I had an email contact with the director of ”Forgotten Transports”, Lukas Pribyl. Here follows some quotes from his side – and please do also go to the very good site of the film:
How did you make the people talk so fine and precise?” The people talk so precisely because most of them were interviewed for the very first time and did not have anyone to share their recollections with, therefore they only told me what really remembered – no second hand information. Then, the films were edited from 270 hours of interview footage, so I had a lot to choose from. I developed my own interviewing technique, which allows for some repetition and is therefore well suited for editing work.”
You refrain totally from the use of nowadays trend for reconstruction in historial documentaries?” What can be more real than reality? Why reenact and reconstruct something that can be shown through authentic photographs and footage and why speak for people who are perfectly capable of telling their story themselves? (It is their story after all…) The photos used in the film are really of the people themselves, in the places they talk about. So when the women in the film about Estonia speak about a diver in the port of Tallinn, I go to the archives, find the names of all the German divers working in the Baltics between 1941 and 1944, trace them or their families, until I find Mr. Ruehmann’s family and get the picture of the Czech Jewish women helping him onto a boat. That’s why the series took ten years to make. I don’t use any look-alike footage or photos, only time and place precise material. I have had extremely good experience with audiences – they don’t find the stories too complicated or incomprehensible and actually find them “dramatic”enough.”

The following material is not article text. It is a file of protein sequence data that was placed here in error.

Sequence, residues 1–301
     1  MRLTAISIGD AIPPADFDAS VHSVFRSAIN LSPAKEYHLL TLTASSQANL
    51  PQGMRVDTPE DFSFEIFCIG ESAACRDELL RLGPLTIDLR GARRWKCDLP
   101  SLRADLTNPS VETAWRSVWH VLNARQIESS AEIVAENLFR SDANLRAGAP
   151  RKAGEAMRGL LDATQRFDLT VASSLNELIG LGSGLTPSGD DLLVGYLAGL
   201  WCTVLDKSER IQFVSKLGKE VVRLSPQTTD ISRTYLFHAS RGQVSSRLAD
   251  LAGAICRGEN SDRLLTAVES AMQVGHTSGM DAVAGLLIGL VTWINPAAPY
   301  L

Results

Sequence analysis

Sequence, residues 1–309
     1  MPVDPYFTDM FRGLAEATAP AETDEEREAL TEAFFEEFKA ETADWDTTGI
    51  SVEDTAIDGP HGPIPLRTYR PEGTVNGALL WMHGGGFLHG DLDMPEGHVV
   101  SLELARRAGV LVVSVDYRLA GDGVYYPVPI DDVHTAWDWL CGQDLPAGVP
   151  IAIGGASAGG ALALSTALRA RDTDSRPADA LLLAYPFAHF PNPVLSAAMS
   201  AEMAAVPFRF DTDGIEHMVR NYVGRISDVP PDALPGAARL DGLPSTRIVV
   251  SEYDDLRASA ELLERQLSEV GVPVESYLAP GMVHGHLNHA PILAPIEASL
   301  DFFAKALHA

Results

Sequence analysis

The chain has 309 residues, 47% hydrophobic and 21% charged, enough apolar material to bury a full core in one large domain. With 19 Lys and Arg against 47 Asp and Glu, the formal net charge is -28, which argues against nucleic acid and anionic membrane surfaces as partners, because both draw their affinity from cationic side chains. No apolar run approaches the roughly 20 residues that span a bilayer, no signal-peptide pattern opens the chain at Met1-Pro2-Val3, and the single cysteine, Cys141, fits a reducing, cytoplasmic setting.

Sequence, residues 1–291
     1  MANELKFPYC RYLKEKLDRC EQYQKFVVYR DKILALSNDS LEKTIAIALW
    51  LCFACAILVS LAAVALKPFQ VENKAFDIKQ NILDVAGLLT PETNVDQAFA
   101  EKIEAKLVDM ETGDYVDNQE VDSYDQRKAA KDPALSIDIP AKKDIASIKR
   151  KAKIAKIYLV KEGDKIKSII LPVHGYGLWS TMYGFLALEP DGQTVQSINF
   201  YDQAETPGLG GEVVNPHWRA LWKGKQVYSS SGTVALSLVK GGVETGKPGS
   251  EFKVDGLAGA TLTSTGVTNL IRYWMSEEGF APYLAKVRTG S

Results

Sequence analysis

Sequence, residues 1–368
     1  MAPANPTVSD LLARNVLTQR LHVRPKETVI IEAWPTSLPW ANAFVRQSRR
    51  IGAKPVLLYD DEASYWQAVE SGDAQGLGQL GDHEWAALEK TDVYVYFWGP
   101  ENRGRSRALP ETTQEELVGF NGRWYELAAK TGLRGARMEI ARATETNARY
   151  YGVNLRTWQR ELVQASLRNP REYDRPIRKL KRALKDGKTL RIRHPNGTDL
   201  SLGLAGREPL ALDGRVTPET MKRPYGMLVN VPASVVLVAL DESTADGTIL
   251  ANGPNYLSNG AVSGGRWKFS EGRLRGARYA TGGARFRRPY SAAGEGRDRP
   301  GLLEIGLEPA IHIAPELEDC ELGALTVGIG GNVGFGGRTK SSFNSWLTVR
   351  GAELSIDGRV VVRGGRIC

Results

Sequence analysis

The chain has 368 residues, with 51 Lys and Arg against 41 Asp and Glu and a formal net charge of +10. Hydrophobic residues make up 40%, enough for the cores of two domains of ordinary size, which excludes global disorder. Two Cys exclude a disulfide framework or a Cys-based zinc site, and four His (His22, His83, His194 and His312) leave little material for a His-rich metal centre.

And a line from the site of the film: The series of four feature length documentary films on the topic of virtually unknown concentration camps and ghettos and little known modes of survival is Pribyl’s directorial debut.